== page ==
My Insomnia Does Not Look Like Yours
Last updated: October 2021
After many nights (and days) of living with insomnia, I am more or less in the same position as I was years ago. Tired. But when I read others' stories on these pages, I realize how fortunate I am.
My sleep issues may be mild, but still, they are a drag on my normal activities and often quite exasperating. I have no problem going to sleep, but 3 hours later, the battle begins. However, this is starting to change as I am more patient today and accepting of the probable causes which interfere with proper sleep.
The good and the bad
The good news: I go to sleep a few minutes after I am in bed.
The bad news: it starts here.
- Parkinson's disease - Parkinson's is the leading suspect
- Prostate cancer
- Sleep apnea
- Atrial fibrillation
- Coronary artery diseaase
7 out of the 9 medications I take mention sleep problems as a side effect.
Some things you can't change.
Some or all these add up to not enough sleep. In addition, I continue to maintain a vigorous exercise program daily (2 hours), am active in the Parkinson's community, and have a large family. I am, more or less, busy (and tired) all the time. I average about 5 hours of fragmented sleep per night with a nap thrown in, which is not enough for me.
I have tried it all
Like many in the insomnia boat, I have tried "aids and cures" of all types with little or no success. Probably many reading this have the same list. I hope you found something that worked for you. Also, just because it didn't work for me doesn't mean it won't work for you.
- Prescription medication – I tried several medications with no long-term positive effect – 2 of those caused unpleasant side effects.
- Cannabis – Several years ago, when medical marijuana was the answer to almost every health issue, I tried it. At first, it worked, kind of, but soon things were back to normal. Also, I had some hallucinations coupled with a sort of morning hangover.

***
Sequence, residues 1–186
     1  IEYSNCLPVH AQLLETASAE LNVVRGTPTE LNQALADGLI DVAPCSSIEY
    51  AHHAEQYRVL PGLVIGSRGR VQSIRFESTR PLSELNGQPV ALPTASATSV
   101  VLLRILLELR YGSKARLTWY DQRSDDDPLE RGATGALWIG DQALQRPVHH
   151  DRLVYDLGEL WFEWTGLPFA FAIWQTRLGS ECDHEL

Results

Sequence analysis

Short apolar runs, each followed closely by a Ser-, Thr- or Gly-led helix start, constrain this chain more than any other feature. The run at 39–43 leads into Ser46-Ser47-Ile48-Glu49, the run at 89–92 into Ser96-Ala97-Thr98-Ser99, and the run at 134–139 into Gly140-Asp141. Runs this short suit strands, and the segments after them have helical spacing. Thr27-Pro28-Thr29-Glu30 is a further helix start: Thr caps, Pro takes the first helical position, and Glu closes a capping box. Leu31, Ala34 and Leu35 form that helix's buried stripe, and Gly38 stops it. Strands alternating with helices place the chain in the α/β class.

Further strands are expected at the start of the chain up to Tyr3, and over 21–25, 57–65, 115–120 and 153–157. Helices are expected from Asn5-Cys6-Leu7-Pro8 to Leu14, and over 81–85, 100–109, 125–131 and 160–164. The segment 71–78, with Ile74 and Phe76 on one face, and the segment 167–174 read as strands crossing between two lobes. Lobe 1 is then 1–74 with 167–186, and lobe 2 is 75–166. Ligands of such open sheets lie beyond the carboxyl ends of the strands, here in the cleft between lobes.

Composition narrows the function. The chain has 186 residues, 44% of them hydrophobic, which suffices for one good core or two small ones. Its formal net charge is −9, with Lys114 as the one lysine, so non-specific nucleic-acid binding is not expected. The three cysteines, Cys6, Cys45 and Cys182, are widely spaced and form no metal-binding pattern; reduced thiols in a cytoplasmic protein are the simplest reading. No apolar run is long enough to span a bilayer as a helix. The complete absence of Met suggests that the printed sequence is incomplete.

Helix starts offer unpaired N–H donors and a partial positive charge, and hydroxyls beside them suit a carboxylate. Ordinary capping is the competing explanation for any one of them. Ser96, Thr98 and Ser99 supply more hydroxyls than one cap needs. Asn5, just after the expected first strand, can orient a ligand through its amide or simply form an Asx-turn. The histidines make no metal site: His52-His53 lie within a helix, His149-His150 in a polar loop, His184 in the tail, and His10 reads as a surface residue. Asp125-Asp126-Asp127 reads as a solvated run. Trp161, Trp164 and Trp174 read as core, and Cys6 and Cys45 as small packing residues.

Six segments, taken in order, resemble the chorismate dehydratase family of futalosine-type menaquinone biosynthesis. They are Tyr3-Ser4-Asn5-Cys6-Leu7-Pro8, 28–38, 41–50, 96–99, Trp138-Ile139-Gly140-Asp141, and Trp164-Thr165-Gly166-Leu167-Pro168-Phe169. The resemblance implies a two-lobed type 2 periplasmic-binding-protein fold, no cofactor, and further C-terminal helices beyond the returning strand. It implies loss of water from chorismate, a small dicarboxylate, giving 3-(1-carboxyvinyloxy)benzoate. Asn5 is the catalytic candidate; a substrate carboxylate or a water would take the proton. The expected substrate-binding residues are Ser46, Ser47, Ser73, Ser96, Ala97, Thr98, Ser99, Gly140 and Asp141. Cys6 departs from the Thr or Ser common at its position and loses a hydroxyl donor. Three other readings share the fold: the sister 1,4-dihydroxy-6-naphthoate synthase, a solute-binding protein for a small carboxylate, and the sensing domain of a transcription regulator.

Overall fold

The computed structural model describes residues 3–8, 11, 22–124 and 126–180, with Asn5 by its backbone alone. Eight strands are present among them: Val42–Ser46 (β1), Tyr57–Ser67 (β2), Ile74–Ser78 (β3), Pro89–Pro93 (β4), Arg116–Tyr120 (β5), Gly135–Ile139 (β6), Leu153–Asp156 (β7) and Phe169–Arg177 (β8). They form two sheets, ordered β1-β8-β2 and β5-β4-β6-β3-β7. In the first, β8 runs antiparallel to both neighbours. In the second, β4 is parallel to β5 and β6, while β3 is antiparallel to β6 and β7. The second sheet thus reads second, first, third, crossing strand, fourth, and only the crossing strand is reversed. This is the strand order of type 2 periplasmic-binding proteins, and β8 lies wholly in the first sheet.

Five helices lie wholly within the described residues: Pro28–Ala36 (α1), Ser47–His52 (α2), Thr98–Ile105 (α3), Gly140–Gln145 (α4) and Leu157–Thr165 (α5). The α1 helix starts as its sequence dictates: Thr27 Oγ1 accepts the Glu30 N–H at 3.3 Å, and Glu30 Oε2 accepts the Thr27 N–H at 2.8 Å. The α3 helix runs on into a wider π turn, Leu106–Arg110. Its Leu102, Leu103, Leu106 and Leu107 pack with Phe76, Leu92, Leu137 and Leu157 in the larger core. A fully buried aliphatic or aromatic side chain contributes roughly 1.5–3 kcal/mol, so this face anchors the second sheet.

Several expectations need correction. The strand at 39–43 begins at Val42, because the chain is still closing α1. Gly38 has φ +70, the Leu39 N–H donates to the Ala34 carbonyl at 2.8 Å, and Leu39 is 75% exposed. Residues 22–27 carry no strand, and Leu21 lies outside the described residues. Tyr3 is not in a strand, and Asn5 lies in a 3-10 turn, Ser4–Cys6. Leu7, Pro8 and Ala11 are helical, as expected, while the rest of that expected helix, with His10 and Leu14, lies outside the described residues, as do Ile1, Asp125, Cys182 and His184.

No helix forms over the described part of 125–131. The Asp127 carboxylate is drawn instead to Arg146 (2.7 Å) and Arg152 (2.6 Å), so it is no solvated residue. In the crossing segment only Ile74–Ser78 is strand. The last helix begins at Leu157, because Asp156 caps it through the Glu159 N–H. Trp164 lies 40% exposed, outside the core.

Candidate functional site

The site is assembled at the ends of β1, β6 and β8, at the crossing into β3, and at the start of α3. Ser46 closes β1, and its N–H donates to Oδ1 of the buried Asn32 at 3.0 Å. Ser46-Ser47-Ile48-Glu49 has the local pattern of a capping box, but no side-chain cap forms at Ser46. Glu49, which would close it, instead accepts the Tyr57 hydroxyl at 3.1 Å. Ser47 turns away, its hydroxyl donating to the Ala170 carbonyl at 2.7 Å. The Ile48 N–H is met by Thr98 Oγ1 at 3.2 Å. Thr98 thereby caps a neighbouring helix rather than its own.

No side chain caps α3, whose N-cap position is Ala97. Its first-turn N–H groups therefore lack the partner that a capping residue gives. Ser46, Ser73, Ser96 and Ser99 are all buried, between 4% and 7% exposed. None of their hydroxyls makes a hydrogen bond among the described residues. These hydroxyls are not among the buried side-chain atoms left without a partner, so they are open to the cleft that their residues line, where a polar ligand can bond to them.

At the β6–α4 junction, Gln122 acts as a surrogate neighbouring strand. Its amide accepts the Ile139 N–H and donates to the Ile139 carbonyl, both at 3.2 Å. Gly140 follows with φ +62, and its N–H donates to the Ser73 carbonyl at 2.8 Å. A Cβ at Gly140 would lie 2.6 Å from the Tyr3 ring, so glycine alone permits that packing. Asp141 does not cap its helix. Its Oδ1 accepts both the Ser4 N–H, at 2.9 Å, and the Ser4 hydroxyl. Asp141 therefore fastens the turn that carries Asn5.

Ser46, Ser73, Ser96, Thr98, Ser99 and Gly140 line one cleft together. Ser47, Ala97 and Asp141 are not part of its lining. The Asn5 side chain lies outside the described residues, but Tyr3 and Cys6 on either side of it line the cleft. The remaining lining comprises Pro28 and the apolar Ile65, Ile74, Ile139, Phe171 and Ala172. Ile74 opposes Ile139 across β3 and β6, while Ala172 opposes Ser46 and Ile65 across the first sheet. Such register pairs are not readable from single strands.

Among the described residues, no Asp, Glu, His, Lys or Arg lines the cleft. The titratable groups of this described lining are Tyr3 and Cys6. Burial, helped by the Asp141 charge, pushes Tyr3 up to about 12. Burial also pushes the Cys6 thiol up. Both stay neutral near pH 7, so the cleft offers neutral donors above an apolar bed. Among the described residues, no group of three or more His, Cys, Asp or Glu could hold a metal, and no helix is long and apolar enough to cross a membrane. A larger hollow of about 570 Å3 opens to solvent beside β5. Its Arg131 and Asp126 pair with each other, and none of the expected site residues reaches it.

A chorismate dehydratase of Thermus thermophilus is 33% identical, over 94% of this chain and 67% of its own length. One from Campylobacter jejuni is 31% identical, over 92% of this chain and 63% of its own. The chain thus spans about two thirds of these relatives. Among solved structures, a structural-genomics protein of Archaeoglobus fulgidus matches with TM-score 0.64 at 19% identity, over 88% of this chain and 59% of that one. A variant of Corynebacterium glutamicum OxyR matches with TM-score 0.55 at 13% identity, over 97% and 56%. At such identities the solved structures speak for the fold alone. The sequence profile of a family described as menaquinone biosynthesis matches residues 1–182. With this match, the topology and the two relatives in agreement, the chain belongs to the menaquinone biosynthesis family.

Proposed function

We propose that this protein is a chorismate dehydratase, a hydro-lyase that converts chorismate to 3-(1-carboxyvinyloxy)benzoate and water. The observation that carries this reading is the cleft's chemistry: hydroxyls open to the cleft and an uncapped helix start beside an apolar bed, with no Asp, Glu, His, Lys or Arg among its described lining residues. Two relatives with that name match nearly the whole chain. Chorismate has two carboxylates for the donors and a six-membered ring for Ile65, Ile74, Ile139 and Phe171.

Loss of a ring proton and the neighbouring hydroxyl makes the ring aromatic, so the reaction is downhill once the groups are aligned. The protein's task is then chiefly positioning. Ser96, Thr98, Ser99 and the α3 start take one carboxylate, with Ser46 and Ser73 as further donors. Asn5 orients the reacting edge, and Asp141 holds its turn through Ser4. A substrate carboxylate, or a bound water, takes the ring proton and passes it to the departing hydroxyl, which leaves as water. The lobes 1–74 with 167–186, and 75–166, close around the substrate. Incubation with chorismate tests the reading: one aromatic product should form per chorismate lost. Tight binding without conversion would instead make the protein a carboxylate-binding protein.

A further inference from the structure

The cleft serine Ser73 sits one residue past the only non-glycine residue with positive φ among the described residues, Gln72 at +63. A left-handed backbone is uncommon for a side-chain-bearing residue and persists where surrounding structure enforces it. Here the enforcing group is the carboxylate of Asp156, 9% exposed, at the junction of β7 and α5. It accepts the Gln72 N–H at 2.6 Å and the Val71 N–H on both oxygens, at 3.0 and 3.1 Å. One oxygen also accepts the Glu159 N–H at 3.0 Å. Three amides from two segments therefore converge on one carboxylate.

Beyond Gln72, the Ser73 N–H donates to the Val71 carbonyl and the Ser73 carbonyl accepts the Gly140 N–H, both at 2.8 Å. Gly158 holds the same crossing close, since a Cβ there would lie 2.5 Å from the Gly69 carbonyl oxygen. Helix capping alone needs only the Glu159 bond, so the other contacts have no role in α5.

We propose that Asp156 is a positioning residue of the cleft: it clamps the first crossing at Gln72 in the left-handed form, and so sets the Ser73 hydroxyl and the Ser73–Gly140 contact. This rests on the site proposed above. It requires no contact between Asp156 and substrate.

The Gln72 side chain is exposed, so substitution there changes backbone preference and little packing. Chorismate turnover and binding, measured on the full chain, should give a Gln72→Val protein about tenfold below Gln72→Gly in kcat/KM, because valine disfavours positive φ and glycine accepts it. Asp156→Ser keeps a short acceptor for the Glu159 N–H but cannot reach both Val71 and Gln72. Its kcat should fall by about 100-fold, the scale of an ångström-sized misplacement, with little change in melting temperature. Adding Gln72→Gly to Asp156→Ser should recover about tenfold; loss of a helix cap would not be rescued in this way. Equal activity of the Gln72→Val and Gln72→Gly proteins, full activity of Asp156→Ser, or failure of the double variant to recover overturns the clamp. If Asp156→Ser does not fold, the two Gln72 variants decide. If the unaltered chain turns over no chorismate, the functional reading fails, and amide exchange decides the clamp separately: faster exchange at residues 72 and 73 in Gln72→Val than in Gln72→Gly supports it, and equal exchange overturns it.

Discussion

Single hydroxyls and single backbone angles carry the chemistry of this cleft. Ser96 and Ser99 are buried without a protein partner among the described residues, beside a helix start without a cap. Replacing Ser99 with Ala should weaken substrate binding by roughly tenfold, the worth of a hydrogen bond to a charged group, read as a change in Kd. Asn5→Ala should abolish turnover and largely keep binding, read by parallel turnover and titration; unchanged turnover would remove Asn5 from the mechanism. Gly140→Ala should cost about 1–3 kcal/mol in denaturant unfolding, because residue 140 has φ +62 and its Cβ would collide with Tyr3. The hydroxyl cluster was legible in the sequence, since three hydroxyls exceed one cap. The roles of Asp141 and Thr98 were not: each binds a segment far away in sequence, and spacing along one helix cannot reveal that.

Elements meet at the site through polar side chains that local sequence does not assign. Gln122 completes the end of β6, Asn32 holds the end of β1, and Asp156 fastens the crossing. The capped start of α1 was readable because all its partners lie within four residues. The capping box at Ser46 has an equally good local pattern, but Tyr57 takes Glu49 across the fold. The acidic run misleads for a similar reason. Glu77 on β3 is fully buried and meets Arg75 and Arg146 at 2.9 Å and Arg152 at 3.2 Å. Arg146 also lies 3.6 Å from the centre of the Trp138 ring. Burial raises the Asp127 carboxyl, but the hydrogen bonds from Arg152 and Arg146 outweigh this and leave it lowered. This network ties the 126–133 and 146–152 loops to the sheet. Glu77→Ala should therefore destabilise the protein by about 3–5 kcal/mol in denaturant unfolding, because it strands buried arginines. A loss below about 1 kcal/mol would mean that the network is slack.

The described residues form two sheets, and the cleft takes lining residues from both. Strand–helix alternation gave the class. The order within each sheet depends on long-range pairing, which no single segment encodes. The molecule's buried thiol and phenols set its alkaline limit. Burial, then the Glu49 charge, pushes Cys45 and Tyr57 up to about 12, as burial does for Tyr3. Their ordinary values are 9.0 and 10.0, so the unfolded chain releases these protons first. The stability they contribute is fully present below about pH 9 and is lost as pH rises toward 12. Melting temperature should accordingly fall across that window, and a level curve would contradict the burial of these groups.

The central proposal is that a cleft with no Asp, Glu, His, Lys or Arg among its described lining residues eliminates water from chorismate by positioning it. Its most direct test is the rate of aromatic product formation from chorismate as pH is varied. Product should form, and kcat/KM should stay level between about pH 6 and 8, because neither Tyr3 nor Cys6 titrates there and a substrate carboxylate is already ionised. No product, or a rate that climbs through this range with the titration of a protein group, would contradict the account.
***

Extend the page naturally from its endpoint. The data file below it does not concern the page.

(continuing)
- Over-the-counter sleep aids – Melatonin. I used it for several months with no noticeable change.
- Breathing exercises – I found deep breathing sometimes helpful, but I don't know if it was the breathing exercises or just a good night for me.
- Sleep log – I have tracked my sleep for years. Why? I started keeping track as my sleep hours were going down. I didn't need a sleep log to tell me I wasn't getting enough sleep, but it did give me more detail. Did I learn anything? Very little. Did the docs learn anything? Only that my lack of sleep looked pretty much like it did last month or last year.
- Sleep hygiene – Good prep habits in the hours leading to bedtime make a lot of sense to me but do they aid sleep? Not for me. I have followed the many dos and don'ts off and on for years with no change in my sleep. I can adhere to most of the suggestions, but it makes little or no difference in my sleep. For example, yesterday, I took a 2-hour nap at 3:30 PM, woke up refreshed, went to bed at 10 PM, and went right to sleep. However, I woke up 3 hours later and couldn't go back to sleep. Typical.
- Cognitive behavioral therapy for insomnia (CBT-I) – I had some success with CBT-I, but it was not sustainable. However, I do feel it gives you the best chance to get more sleep.
Where does that leave me now?
It seems that the popguns I have been using are no match for a howitzer. One advocate recently wrote that "Insomnia is a disorder of dissatisfaction with your sleep, rather than a measurement of how much sleep you get." I agree with this; however, at some point, quantity has to be considered. For me, every minute of sleep counts.
I suppose I meet the scientific and medical definition of being stuck in the insomnia sphere. However, I believe I am at the lucky end of the standard. As hard as it is some days, I know it could be worse.
My insomnia still takes a toll
I have a mild case of insomnia, but it is annoying. I wonder how many are in this same boat? That is, we don't go for days with no sleep. Nevertheless, we don't get enough sleep, and over the years, it takes its toll.
I don't know that I fit the model when I read about many who are in a much worse position than I am. It does seem if you have met one person with insomnia, you have met one person with insomnia. Every case seems to be different. Although optimistic by nature, it is difficult for me to see a suitable future answer. I know many are studying the insomnia mystery, and someday they will have the answers.
Accepting my insomnia as it is
In the meantime, I am going to try to maintain the status quo. I haven't given up, just slowing down to accept insomnia as it is. For now, carrying my daily insomnia challenges without the sometimes desperate effort is the best way to live.
Do you think insomnia has an impact on your mental health?
Join the conversation